Christians should be known for their ability to analyse cultural narratives, especially those that appeal to Christian values.
Giorgia Meloni, the leader of the rising Italian far-right movement Fratelli d’Italia (Brothers of Italy) recently attended a rally of its “sister party” in Spain, Vox.
Meloni's speech in Marbella was widely shared on social media. Not only her tone caught the attention of many analysts, but also the words she proclaimed to a crowd who rose to give her a standing ovation.
“There are no middle grounds. You either say “yes” or you say “no”.
Yes to the natural family. No to the LGBT lobbies.
Yes to sexual identity. No to gender ideology.
Yes to the culture of life. No to the abysm of death.
Yes to the universality of the Cross. No to the Islamist violence.
Yes to secured borders. No to massive immigration.
Yes to the work of our citizens. No to the big international finances.
Yes to the sovereignty of the peoples. No to the bureaucrats from Brussels.
Yes to our civilisation. No to those who want to destroy it.
Long live Spain! Long live Italy! Long live the Europe of the patriots!”
Many Christians, including evangelicals, might see elements in such a discourse with which they agree.
There is talk about the importance of protecting life. There is a reaction against those who promote transgender agendas. There is lament at how Europe leaves behind Christian values that helped shape our progress and coexistence. And here is a politician that even dares to mention the Cross of Christ!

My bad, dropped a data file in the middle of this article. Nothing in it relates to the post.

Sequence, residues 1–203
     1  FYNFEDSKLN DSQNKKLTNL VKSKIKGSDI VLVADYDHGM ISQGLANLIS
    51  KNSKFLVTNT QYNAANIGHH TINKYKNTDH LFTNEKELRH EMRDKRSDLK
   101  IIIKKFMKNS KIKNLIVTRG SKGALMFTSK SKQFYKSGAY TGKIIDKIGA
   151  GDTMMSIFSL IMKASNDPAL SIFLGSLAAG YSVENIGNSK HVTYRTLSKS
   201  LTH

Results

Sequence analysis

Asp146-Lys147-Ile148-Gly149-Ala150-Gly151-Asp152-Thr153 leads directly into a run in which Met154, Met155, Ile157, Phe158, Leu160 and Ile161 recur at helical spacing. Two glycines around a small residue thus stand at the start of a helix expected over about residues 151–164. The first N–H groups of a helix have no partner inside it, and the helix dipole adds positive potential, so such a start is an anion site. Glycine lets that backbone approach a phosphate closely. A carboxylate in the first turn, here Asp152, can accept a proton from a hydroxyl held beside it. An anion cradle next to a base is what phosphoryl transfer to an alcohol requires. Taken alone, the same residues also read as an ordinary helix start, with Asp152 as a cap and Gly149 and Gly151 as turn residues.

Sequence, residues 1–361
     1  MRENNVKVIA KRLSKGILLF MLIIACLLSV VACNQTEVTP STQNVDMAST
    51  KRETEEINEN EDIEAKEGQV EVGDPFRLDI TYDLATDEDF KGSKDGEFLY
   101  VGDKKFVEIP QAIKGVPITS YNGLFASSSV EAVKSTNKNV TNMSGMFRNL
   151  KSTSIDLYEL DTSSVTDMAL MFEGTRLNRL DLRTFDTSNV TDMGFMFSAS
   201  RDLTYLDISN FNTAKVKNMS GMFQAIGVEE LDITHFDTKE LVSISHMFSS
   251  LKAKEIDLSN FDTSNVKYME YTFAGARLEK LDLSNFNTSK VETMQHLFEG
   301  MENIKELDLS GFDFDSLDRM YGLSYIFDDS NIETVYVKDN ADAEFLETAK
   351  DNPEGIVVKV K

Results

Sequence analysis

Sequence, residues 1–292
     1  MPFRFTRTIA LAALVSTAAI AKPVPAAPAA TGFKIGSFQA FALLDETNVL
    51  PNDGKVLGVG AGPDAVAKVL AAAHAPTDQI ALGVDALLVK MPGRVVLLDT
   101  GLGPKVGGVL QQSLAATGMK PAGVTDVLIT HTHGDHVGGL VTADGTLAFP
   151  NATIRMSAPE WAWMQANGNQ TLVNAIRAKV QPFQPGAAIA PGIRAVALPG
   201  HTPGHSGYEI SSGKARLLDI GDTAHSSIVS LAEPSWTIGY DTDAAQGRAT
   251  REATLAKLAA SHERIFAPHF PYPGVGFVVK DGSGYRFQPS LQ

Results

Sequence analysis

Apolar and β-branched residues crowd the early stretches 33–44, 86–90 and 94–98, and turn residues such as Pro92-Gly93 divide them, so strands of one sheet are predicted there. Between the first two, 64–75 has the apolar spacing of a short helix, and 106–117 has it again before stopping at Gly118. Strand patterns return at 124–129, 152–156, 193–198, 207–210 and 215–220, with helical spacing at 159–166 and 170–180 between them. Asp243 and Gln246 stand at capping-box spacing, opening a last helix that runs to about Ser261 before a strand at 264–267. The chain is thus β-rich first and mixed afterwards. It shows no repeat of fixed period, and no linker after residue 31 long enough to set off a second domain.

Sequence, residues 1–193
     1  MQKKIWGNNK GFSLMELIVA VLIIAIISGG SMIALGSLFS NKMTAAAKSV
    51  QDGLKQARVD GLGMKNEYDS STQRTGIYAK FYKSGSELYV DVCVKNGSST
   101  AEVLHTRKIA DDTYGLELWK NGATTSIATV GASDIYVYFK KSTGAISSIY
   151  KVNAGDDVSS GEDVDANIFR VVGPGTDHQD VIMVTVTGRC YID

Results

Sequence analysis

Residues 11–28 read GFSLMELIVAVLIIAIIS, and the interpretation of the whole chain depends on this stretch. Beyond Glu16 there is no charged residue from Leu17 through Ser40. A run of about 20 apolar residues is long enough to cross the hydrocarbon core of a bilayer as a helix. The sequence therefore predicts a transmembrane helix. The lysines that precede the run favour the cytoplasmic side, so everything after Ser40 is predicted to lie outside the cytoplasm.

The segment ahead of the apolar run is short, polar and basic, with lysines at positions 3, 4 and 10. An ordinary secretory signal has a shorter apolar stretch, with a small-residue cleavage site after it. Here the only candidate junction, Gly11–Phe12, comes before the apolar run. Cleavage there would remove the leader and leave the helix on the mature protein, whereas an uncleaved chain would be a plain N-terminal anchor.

But we have to be careful. A certain 'God talk' should not be enough to validate political discourses. Christians should be known for their ability to analyse cultural narratives.
Does affirming certain values of our Christian heritage make a political party Christian? Are there aspects of the gospel of Jesus Christ that are being neglected or even contradicted by these Christian narratives? Is it Christ-like to defend a national and civilisational identity against ‘the other’? Would have Jesus engaged in so-called culture war? Are there in the narratives that make us feel good idols being elevated above God? And what about the tone used to communicate such values?
At Evangelical Focus we have worked hard to find good Christians voices who can speak about politics and other public affairs with insight and passion. We certainly believe that all Christians should be engaged in the 'issues and decision-making of the city' (this is the description of the Greek politiké). But this involves knowing our Bible well, being able to critique the political narratives (beginning with those that attract us most), and cautious with promises of a ‘return to Christendom’.
Should Christians be present in all spheres of society? Of course.
Are there Christians called to serve in government? Yes, and thank God for them.
Are there political movements aiming to develop policies based on biblical principles? Yes, and some are inspiring.
But let’s be clear. God’s kingdom is not built on foundations that are not Jesus Christ. As traditional Christian political movements in Europe seem to fade (read Johannes Reimer’s interesting reflection: Does Europe need Christian parties?), we should be slow to buy into new discourses about recovering a certain cultural Christendom at any cost.
Only God will save Europe. And His means are often not ours.
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